It was a year when time seemed to hurtle back toward the past, as a brutal land war of medieval cruelty gutted Ukrainian villages and cities and sent millions on a stumbling path into the unknown.
It was a year when the world glimpsed too much of its apparent future, when fire turned Californian hills a lurid red, drought sucked a lake dry in Nevada, and floods transformed roads into rivers in Florida and Pakistan. The weather behaved like an angry, exhausted 2-year-old, lashing out in every which way, trying to send a message that was not always deciphered.
And 2022 was a year in which the present stood up and said “Hold on, we’re not collapsing into a hopeless future. Not quite yet.” In the midterm elections, Americans made clear they were exhausted by years of cries of doom. They sought stability and a bit of quiet.
After three years of too much disease and death, the virus that brought the world to a halt didn’t go away. But science, weary resignation and ever-resurgent hope helped people get on with life, and many found at least some semblance of the normalcy they craved.
The images of 2022 are grim and serious — in Ukraine, a funeral for a 13-year-old girl; dead people stuffed into garbage bags, sprawled on pavements, strewn around in mass graves. But there are scenes, too, of joy and achievement — girls’ mouths agape over victory on a lacrosse field in Virginia, a man on horseback triumphantly dunking a basketball into a hoop in a small town in Oklahoma.
In all, though, the journey through this year, like too many of late, was a push across too much treacherous terrain.
Many of the fault lines were man-made: In South Korea, a Halloween celebration collapsed into a deadly crush of people. In Uvalde, Tex., one man with a gun turned a hall of learning and growth into a place where children were executed, an utterly impossible horror now become all too common. In Buffalo, another man with a gun made a supermarket called Tops into a bottomless well of grief, killing people he hated because of how they looked. In San Antonio, 51 migrants packed into a truck like sides of meat, though transported with far less care, ended up dead, suffocated on the way from Mexico into Texas.
Even the less violent images often speak of disputes that never seem to ease: On the streets, there were tears and cheers, relief and anxiety, after six of the Supreme Court’s nine justices changed the rules over who decides whether a conception shall become a person.
There were moments that spoke of possibility, too often dashed: At opposite ends of an absurdly long table, Russia’s bellicose leader, Vladimir Putin, and French President Emmanuel Macron, divided by a continent of conflict, stared off into any place but each other’s souls. There was unexpected drama: At the Oscars in Hollywood, before a worldwide audience, a star actor slapped a star comedian over a joke. And then there was the rolling carnival of the permanent American political campaign: People wearing their passions on their shoes, their neckties, their hats and, of course, their sleeves. People who mostly can’t stand each other nonetheless headed out to show their colors and make their pitches and, even now, put at least some of their trust in a fistful of ballots.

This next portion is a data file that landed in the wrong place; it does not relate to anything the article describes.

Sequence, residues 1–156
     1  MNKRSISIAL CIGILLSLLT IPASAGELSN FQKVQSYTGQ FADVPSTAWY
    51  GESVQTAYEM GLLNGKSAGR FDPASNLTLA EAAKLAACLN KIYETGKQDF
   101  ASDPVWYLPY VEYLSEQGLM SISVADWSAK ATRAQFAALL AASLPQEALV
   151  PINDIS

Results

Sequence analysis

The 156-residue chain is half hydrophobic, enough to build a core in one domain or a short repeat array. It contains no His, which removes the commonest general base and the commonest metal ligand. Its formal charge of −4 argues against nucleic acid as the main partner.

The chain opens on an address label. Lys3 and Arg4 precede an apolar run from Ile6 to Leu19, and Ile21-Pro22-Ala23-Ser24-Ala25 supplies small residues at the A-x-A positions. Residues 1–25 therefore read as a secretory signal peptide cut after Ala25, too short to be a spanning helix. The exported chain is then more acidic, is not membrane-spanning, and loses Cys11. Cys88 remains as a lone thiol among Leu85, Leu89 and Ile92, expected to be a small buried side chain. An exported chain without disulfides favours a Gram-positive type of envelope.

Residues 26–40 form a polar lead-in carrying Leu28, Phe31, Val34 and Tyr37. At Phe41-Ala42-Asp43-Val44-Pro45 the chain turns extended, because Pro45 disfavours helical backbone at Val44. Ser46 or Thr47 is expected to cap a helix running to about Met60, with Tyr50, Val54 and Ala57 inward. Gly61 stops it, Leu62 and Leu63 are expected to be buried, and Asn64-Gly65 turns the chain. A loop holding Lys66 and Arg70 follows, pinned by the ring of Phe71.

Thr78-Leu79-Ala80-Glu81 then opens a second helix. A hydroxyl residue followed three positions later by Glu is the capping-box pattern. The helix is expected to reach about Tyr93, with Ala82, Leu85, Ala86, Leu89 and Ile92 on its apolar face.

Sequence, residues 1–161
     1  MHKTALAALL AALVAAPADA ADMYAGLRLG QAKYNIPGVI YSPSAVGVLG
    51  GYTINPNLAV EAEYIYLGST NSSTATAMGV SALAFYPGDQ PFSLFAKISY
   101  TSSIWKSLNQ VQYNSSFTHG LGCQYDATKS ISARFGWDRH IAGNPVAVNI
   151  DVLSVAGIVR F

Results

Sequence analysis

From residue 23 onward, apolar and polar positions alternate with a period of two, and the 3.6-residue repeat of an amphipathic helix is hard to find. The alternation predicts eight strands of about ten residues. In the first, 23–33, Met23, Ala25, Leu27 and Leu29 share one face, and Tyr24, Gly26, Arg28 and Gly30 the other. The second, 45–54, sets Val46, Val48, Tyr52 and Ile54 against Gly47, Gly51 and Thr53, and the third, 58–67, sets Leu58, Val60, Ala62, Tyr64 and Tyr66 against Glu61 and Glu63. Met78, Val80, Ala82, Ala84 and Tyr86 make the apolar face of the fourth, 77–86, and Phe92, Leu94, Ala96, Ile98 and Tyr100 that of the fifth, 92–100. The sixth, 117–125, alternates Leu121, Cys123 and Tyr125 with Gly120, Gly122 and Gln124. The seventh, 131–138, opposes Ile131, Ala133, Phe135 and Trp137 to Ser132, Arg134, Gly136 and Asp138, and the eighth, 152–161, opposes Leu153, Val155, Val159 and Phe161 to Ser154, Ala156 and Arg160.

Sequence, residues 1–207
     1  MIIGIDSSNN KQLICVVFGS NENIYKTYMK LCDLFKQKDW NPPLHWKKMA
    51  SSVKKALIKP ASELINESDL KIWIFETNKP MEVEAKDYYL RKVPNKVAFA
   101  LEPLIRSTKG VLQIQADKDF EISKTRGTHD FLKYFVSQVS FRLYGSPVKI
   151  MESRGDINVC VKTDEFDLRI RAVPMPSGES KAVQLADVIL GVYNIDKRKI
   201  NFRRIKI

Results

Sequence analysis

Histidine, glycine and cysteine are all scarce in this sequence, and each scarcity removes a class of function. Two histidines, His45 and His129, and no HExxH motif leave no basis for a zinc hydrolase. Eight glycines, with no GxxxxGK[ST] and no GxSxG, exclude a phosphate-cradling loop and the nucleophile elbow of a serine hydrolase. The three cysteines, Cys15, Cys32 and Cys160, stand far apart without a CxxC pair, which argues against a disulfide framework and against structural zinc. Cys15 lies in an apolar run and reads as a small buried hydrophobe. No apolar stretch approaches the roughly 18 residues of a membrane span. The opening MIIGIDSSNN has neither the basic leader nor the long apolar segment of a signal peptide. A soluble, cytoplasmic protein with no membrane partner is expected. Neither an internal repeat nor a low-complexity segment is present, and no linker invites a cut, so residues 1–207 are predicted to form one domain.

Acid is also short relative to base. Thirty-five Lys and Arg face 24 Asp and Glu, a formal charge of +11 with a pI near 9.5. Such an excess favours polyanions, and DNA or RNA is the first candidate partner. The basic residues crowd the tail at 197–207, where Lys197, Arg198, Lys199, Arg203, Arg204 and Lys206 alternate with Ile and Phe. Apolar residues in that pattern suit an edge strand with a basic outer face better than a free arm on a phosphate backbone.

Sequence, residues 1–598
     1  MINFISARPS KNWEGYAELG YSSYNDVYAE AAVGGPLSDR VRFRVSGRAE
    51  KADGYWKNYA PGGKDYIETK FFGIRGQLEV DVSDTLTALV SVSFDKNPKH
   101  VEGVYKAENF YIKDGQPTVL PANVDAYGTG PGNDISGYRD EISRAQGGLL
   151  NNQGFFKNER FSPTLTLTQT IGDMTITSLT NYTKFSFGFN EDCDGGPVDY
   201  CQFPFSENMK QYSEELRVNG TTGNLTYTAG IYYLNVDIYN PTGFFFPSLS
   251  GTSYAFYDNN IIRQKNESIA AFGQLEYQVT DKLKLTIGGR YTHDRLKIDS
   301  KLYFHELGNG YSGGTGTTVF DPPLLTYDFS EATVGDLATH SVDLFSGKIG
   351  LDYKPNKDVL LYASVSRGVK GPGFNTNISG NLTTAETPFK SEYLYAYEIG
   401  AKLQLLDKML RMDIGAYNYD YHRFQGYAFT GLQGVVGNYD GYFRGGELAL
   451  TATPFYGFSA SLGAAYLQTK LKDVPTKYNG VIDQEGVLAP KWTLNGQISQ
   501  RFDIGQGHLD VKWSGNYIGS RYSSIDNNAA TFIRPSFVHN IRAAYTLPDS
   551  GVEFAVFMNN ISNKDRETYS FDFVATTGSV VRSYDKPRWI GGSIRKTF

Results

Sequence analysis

It’s no accident that these images close with a rocket ship escaping gravity, a fireball of hope, a powerful reach for a future that is somehow better, bigger, bolder. Blast off!
– Marc Fisher
To heighten your experience, we’ve created a musical score to accompany these images.
War in Ukraine
In Ukraine, Russia’s assault was repeatedly beaten back, but the damage done day after day was relentless and devastating: Husbands and wives, parents and children tore themselves from each other — women and little ones fleeing by train, bus and foot; men sent off to confront an enemy whose troops seemed at once uninspired and cruel. Ukrainians crowded into underground shelters, hid in bombed-out apartments, watched week after week as their homes went up in smoke. Death came from every direction, from tanks and drones and bombs. On military maps, arrows pointed to progress against the invaders. On the ground, it was a far more searing story, told in caskets and body bags and dead human beings, splayed across the streets.
End of carousel
Democracy was on the ballot. So were the frustrations and resentments of everyday life, the soaring prices, the feeling of insecurity, the way people didn’t seem to get along with one another anymore. Amid all the antagonisms between red and blue, party against party, a people divided even within families, Americans campaigned much as they always had — waving flags, going door to door, showing their colors — demonstrating that despite a historic wave of mistrust, they were sticking with the system. By and large, they voted for stability, for relief from the cacophony and hostility of the past few years. Democracy may have won the day, but any victory remained fragile. The battle for the future lumbers on.
End of carousel
Climate and natural disasters
Through flames and dust, with too much water in some places and not enough in others, the elements seemed to speak with rage and desperation in 2022. Tornadoes plucked apart houses as if they were built of matchsticks. Floods tossed boats and lumber and sheds about, creating new waterways where man had built roads of concrete and asphalt. It seemed at times like a wholesale reordering of nature, with a shifting climate turning dry spots wet and wet spots dry. Hot places got hotter. In image after image, people can only stare at what was and wonder what’s next.
End of carousel
About this story
Source: Washington Post
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